Practice Circle: Meditation Basics: The Body Scan

Whether you’re new to meditation or you’ve been doing it a long time, it’s always good, I think, to spend some time working on the fundamentals. There are a thousand kinds of meditation and more are created every day. Sometimes we forget, however, that the very basic methods that we learned starting out are still inexhaustible sources of insight and wisdom.

So when Practice Circle gathers this Sunday, May 25, at 8 pm Central, we’ll explore one of the first things one learns in a Mindfulness-based Stress Reduction course – the body scan.
The classic MBSR body scan moves very slowly and methodically, inviting awareness to visit every part of the body. It can take 45 minutes to complete, and for the first weeks of an MBSR class participants are asked to practice the body scan every day. Why this heavy emphasis on the body scan?

Whether we’re beginners or veterans, the body scan teaches us two very important things. First, it demonstrates to us that our awareness is always embodied. We are truly not ghosts riding around in our own heads; rather, our awareness extends throughout the body, and even beyond it into our environment. We often live so much in our heads (which is natural, given that our eyes and ears are there) that we don’t even notice the rest of the body. But every sensation is sending us a message, even if we don’t pay attention until the body has to demand it by becoming painful or sick. The body scan is the first step to accessing the body’s wisdom, which is always far greater, richer and more complex than what we can perceive or process with our thinking minds.

The second lesson is that we can, in fact, direct our own awareness. Until we practice this vital skill, our awareness spends most of the time being dragged this way and that by all kinds of things, from the popups and notifications on our phones to the chaotic chatter of our own thoughts. Because we tend to spend so much time in mindless distraction, we might not even realize that we can direct our attention. Once we have a little practice with the body scan, however, we learn that we have a choice about how to direct our own awareness, especially when some electronic distraction, or our own turbulent thoughts and emotions, attempt to pull it elsewhere.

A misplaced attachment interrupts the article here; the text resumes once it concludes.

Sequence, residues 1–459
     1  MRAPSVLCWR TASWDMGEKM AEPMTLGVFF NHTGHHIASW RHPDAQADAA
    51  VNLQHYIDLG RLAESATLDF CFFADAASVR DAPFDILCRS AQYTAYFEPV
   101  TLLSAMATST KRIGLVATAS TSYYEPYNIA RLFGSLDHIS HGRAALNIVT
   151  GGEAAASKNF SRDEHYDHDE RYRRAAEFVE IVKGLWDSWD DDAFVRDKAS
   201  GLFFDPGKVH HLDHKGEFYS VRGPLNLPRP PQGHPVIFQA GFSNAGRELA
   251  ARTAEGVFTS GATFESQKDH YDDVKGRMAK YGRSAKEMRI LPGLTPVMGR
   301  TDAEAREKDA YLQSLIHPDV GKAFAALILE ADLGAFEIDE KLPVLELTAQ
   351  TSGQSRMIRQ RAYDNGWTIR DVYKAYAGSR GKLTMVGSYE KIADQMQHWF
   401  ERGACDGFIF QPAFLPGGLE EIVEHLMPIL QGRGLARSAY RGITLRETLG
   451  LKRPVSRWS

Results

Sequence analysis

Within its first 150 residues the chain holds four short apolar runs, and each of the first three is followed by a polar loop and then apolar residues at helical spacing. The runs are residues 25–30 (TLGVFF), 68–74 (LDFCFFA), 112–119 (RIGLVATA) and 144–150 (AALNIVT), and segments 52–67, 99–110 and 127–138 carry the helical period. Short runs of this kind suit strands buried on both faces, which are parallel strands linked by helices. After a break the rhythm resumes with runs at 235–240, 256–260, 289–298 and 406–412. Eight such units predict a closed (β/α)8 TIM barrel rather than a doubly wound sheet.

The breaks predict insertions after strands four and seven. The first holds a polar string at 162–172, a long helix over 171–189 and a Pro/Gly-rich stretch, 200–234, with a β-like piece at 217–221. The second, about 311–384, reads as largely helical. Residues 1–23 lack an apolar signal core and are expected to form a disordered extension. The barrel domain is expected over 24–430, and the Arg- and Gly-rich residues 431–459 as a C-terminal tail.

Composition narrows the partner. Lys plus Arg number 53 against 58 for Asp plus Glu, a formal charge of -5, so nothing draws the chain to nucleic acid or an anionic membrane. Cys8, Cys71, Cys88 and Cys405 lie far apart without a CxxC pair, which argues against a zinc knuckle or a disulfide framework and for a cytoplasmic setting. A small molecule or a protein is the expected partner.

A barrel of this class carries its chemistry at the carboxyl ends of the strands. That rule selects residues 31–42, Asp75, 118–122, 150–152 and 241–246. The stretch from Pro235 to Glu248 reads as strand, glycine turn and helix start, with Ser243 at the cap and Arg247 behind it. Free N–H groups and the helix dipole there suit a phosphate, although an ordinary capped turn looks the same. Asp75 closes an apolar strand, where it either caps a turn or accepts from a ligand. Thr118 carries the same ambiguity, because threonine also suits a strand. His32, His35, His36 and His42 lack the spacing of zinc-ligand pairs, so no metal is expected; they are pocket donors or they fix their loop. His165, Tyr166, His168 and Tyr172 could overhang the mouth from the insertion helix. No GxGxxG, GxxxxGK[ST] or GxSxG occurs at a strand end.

The same interoception we practice in the body scan, then, can also be used to listen to the felt sense of the body in any situation. By directing awareness and holding a space for sensations in the core of the body – the gut, the solar plexus, the heart, the throat – we can invite the vast trove of wisdom it contains to reveal the truth of our situation to it.
In fact, we already do this all the time. The reason I’m able to have a casual conversation with you, and you’re immediately able to understand me, is that we don’t have to stop to think out what to say, or to translate what’s been said. We feel what words are right, and what they mean – and if the words aren’t right, they feel and sound “off.” This process is so subtle and fast that we don’t realize we’re doing it – until the sustained, interoceptive awareness we practice in the body scan enables us to discover that our bodies are actively involved in how we make and express meaning in the world.

So the body scan may be a vey simple practice – just being mindfully aware of the foot, the hand, the belly. But it is the key that opens the door to the incredible wealth of wisdom the body contains. It’s a practice that’s well worth returning to, again and again.

Since 2012, the SBA has offered Practice Circle, our online practice community. We meet on the second and fourth Sundays of every month at 8 p.m. Central.  It’s free, and everyone is welcome.  Just click on this link Sunday evening to attend..